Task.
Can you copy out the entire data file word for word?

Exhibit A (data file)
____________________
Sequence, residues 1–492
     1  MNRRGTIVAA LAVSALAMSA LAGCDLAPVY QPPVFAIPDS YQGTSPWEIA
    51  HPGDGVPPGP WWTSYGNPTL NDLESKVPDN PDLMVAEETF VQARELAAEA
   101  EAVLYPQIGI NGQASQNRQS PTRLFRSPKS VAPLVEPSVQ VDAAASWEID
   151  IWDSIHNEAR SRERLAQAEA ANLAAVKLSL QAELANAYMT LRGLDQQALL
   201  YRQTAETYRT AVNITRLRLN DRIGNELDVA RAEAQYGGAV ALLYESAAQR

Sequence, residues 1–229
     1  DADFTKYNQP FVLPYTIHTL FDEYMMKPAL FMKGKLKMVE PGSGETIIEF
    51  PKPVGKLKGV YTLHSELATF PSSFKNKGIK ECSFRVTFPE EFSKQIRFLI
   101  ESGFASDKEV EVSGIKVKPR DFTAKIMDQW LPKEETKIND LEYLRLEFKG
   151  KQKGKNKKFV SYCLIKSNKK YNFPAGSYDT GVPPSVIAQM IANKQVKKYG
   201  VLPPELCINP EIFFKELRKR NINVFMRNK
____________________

Sequence, residues 1–492
     1  MNRRGTIVAA LAVSALAMSA LAGCDLAPVY QPPVFAIPDS YQGTSPWEIA
    51  HPGDGVPPGP WWTSYGNPTL NDLESKVPDN PDLMVAEETF VQARELAAEA
   101  EAVLYPQIGI NGQASQNRQS PTRLFRSPKS VAPLVEPSVQ VDAAASWEID
   151  IWDSIHNEAR SRERLAQAEA ANLAAVKLSL QAELANAYMT LRGLDQQALL
   201  YRQTAETYRT AVNITRLRLN DRIGNELDVA RAEAQYGGAV ALLYESAAQR

Sequence, residues 1–229
     1  DADFTKYNQP FVLPYTIHTL FDEYMMKPAL FMKGKLKMVE PGSGETIIEF
    51  PKPVGKLKGV YTLHSELATF PSSFKNKGIK ECSFRVTFPE EFSKQIRFLI
   101  ESGFASDKEV EVSGIKVKPR DFTAKIMDQW LPKEETKIND LEYLRLEFKG
   151  KQKGKNKKFV SYCLIKSNKK YNFPAGSYDT GVPPSVIAQM IANKQVKKYG
   201  VLPPELCINP EIFFKELRKR NINVFMRNK